So no, the Clemens trial will not be solely about illicit drugs, hotel room injections and abscesses on Clemens’ buttocks. There will be some ugliness in there too.

Red Sox set a new major league record with 11 strikeouts in a row

BALTIMORE, MD - SEPTEMBER 20: Starting pitcher Eduardo Rodriguez #52 of the Boston Red Sox works the first inning against the Baltimore Orioles at Oriole Park at Camden Yards on September 20, 2016 in Baltimore, Maryland. (Photo by Patrick Smith/Getty Images)
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Lost in the nifty base running by Dustin Pedroia that won Sunday’s game against the Rays, the Red Sox set a new major league record by striking out 11 batters in a row, per Peter Abraham of The Boston Globe. Starter Eduardo Rodriguez struck out the final six Rays he faced and reliever Heath Hembree struck out five Rays in a row after that. Tom Seaver had the previous consecutive strikeout streak of 10, set on April 22, 1970 against the Padres.

The Red Sox also set a team record with 23 strikeouts in total: 13 by Rodriguez, five by Hembree, one by Matt Barnes, and four by Joe Kelly. Per Abraham, that’s the most strikeouts in a 10-inning game since at least 1913 and the most in a game of any length since 2004.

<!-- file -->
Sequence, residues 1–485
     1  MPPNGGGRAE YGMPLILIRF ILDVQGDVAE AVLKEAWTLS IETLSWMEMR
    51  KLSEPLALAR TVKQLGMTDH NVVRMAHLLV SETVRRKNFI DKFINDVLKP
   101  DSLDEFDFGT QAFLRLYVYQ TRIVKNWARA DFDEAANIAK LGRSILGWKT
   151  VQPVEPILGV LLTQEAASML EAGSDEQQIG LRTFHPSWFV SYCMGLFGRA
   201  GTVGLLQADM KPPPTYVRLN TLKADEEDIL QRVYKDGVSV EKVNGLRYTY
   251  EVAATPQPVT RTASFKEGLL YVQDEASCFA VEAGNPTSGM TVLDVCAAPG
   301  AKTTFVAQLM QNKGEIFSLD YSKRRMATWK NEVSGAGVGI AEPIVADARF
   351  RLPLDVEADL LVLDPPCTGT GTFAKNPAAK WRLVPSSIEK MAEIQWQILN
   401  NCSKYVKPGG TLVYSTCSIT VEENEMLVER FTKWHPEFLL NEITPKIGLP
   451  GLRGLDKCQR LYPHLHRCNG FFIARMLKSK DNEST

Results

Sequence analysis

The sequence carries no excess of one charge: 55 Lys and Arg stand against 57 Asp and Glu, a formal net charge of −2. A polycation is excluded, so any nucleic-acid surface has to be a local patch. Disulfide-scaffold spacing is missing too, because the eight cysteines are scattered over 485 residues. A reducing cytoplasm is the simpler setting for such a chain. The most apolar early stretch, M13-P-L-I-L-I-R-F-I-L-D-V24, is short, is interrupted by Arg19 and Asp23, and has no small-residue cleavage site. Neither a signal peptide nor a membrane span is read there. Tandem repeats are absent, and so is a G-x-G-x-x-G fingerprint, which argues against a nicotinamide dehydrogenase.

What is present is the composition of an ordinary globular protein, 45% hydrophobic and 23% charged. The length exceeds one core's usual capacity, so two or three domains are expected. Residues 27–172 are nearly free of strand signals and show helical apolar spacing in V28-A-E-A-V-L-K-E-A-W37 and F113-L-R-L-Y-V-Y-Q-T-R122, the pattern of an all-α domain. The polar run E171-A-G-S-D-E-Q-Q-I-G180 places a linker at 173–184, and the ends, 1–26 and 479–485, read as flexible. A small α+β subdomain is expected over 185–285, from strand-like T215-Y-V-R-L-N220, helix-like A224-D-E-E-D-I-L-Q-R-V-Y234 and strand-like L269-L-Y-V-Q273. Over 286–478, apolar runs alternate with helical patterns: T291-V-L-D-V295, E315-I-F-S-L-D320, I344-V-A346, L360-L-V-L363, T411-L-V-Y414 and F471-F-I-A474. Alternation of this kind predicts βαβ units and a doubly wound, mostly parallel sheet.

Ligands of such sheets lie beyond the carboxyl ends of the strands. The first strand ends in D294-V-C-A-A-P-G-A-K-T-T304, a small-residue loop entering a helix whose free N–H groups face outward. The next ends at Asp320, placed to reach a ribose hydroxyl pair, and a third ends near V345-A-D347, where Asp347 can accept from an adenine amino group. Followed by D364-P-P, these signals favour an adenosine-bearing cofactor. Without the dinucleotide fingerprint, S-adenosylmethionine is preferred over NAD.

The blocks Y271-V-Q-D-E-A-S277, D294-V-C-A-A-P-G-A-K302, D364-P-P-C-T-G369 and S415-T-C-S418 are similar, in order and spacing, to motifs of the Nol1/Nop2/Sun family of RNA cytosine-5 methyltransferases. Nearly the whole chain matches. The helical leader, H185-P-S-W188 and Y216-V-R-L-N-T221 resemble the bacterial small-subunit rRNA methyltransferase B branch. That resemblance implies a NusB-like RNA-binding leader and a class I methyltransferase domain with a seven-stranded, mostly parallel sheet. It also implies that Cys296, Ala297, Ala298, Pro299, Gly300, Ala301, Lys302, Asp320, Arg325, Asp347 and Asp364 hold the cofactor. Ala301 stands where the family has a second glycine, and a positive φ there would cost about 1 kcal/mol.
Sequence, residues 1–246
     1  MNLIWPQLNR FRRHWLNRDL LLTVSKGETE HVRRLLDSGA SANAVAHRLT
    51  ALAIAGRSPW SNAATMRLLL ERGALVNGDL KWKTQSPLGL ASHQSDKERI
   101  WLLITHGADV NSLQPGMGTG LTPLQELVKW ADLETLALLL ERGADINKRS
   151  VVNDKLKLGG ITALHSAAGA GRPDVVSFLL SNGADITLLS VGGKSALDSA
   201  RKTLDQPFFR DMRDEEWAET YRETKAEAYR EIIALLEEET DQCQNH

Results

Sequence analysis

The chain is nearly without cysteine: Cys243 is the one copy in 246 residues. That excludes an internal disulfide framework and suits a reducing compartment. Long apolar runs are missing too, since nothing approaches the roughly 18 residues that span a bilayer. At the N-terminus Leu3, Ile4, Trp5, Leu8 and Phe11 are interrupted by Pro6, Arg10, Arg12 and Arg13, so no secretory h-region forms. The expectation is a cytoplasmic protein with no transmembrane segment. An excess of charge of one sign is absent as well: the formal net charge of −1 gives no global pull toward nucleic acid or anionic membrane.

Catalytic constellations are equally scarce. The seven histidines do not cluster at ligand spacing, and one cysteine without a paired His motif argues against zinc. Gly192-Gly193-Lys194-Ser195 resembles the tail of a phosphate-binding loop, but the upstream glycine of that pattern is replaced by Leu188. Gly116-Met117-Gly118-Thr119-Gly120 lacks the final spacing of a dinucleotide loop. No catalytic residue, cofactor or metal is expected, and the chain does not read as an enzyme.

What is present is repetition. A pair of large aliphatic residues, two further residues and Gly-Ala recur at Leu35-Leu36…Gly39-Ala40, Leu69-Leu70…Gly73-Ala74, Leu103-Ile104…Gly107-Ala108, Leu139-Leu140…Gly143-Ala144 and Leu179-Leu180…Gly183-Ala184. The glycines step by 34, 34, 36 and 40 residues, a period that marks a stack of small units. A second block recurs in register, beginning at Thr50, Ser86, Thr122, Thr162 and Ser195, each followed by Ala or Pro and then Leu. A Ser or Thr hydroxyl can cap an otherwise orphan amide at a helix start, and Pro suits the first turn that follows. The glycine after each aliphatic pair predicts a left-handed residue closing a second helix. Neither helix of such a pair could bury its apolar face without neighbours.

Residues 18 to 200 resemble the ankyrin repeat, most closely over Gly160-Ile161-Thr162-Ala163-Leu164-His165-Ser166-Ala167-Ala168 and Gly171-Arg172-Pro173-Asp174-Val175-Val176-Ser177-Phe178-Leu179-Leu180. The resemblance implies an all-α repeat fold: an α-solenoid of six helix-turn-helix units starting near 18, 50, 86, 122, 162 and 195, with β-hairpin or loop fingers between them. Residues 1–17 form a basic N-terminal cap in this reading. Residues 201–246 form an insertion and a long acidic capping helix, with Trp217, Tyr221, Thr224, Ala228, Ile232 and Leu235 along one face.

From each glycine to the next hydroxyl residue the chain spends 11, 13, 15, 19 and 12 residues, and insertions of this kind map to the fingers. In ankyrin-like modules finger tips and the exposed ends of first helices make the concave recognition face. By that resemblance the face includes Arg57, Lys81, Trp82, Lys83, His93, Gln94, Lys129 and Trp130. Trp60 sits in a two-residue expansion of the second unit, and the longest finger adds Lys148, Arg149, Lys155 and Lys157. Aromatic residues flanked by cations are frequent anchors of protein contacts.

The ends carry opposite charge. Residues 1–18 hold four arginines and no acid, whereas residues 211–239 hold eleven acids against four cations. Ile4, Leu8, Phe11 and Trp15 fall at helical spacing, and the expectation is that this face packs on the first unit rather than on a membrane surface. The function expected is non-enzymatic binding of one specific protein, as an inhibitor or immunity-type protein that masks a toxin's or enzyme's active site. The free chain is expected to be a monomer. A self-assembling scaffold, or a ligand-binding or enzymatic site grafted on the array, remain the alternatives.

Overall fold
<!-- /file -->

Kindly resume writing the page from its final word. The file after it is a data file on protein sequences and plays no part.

For Rodriguez, Sunday marked the first double-digit strikeout game of his career. He has pitched quite well since returning to the rotation at the start of the second half. Over 13 starts, the lefty has a 3.10 ERA with a 70/23 K/BB ratio in 72 2/3 innings.

Dodgers clinch NL West on Charlie Culberson’s walk-off home run

WASHINGTON, DC - JULY 20: Charlie Culberson #6 of the Los Angeles Dodgers runs to first base after hitting a single RBI in the second inning against the Washington Nationals at Nationals Park on July 20, 2016 in Washington, DC. (Photo by Matt Hazlett/Getty Images)
Matt Hazlett/Getty Images
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Dodgers second baseman Charlie Culberson delivered a walk-off solo home run in the bottom of the 10th inning, clinching the NL West for the Dodgers on Sunday afternoon. What a way to celebrate Vin Scully’s final home game behind the microphone.

The Dodgers were trailing 2-1 in the seventh inning, but shortstop Corey Seager tripled in a run to tie the game. Rockies outfielder David Dahl untied the game in the top of the ninth with a two-out solo home run off of Kenley Jansen. But Seager once again rose to the occasion, blasting a game-tying solo shot in the bottom half of the ninth against Adam Ottavino. That would set the stage for Culberson in the next frame.

Culberson, a former Rockie, came into the afternoon with a .591 OPS and zero home runs in 53 plate appearances. He finished the afternoon 3-for-5 with the homer.

It’s the fourth consecutive season in which the Dodgers have won the NL West. The Cubs have clinched the best record, which means they’ll play the winner of the Wild Card game. The Dodgers will play the Nationals in the NLDS. The Nationals have a 1.5-game lead over the Dodgers for home-field advantage, so both teams are still playing for something of importance in the regular season’s final week.